The people who attended my performance of ineter(a)nal f/ear on Wednesday night, January 15th at American Realness should know that what they saw was not my art work or anything that I and my fellow performer, Sam Roeck, might have consented to artistically. We were interrupted and verbally attacked by a fellow artist claiming out loud that I was lying about my personal experience. This violent disruption effectively prevented the work from being seen.
I was performing an autobiographical piece that involves issues of rape and its popular semantic.
That piece is built on quotes by rape victims and by those people closest to them. It is a complex collage of our collective sickness. It is not more disturbing than any reality we all live in.
I am not politically correct; I am political. I have always been interested in how language, in its most banal way, can convey as much violence (and perhaps more) as the most aggressive and vulgar statement. I have always tried to produce intense experience for the public. I employ provocation perhaps, but a provocation that is also in my audience’s hands: I don’t make all of it. I leave a lot out there for you to construct a reflection on how you feel. Perhaps you will be disturbed—and perhaps you will be disturbed by yourself. My work strives for this moral complexity, so that it can function as a trigger for opposite sensations. It is gross and glamorous, arousing and sick. This is an aesthetic in which I strongly believe. It is the core of my practice.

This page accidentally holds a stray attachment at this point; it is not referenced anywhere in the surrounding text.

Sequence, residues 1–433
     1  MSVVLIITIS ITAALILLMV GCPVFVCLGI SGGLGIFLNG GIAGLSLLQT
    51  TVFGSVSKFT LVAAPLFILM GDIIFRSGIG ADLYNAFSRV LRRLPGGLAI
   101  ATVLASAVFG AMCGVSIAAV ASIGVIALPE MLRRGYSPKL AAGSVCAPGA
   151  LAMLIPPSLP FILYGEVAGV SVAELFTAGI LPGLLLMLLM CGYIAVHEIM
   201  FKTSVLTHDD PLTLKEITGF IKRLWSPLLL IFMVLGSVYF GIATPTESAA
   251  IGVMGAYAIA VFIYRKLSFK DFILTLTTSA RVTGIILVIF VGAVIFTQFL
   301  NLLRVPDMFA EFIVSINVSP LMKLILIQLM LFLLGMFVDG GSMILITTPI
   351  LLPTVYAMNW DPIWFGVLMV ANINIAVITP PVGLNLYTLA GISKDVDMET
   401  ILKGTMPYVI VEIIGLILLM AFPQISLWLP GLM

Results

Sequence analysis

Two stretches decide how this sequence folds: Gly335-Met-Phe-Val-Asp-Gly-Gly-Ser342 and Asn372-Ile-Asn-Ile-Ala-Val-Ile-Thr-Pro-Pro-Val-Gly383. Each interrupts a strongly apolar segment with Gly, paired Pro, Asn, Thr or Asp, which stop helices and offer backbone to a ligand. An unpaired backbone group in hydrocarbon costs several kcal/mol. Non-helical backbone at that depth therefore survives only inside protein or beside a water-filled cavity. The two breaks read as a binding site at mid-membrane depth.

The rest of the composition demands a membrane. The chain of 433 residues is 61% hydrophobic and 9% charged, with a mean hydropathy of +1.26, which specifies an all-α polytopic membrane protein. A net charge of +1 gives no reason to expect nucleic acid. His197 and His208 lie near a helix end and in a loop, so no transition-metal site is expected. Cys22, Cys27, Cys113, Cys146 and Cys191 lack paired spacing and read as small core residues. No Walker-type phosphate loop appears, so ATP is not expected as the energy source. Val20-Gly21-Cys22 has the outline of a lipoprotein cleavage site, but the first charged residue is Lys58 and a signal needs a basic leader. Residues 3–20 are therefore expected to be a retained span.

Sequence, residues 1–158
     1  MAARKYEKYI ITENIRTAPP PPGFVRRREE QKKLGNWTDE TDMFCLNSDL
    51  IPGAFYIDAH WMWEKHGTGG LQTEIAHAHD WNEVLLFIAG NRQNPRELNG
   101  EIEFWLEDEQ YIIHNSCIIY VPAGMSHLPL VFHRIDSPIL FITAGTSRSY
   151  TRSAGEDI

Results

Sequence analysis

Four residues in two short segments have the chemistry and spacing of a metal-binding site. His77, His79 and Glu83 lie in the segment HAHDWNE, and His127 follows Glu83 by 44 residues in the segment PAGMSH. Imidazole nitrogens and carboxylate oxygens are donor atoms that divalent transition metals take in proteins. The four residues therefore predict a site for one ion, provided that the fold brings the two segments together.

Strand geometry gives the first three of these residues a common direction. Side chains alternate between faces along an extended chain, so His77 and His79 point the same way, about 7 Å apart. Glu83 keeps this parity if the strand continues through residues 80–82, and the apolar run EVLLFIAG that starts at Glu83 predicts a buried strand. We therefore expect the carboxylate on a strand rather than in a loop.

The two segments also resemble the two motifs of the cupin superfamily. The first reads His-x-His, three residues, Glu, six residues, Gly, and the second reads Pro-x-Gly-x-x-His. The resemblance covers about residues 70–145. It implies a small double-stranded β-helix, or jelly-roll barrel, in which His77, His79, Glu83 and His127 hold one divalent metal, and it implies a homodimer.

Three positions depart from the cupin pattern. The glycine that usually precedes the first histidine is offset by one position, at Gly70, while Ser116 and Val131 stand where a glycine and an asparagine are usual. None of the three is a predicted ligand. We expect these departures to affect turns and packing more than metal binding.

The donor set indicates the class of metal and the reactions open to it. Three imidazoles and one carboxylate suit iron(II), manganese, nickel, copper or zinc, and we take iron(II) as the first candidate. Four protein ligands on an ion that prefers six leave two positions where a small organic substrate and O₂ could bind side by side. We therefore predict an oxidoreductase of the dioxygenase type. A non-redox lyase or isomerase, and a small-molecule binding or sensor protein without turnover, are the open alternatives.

The piece I was performing at American Realness dealt directly with the sexual violence that runs unchecked in our culture. Ironically, that night, I encountered bullying and harassment from an artist who claims to have a feminist agenda but was actually using the traditional tools of misogyny: arrogance, violence, aggression and muting. The live intrusion was only one thing; this person proceeded in public appearances and through various media outlets to lead a crusade against me, and against a piece she attended for about 10 minutes only. What happened that night was not the critique of a work, it was someone silencing another. This someone has a louder voice than I do. As Andy Horwitz from Culturebot phrases it: It comes from an artist “who exists with the support of major institutions and curators, to violate the art work and physical person of an artist possessed of none of those resources?”
It will be three years this spring since a stranger raped me in my apartment. The detective assigned to the case was driving me in the police car when he said, “Maybe this wouldn’t have happened if that young man had just asked you out on a date or asked you for your number instead.” At the time I nodded in absolute agreement. When I didn’t come to work my boss asked me for a police report as evidence. My mother asked me why I was out late. Why I wasn’t in a cab. Friends asked me how this happened with no gun or no knife?
This is nothing I wanted to speak about outside of my artwork and I hate doing this but I feel like this can be useful in the discussion. A large part of my anger came afterward and sadly from the last insult: You were never raped? You are lying?
I wish she were right.
When we speak about sexual violence in an honest way we are risking further violation, blame, and suspicion. The humor noir I employ doesn’t take any content or seriousness away; I tackle my subject matter with care.
I know that what I have experienced is absurdly common. This violence is in many instances not even named as violence.
It is my right and in my deepest interest to speak about my own experience. Like any artist, I have a license to visit those dark areas. By going there, by digging this hole, I happen to extract some ugly matter.
About the Author:
Rebecca Patek is a New York-based choreographer and performance artist who creates work that synthesizes dance, theater and comedy.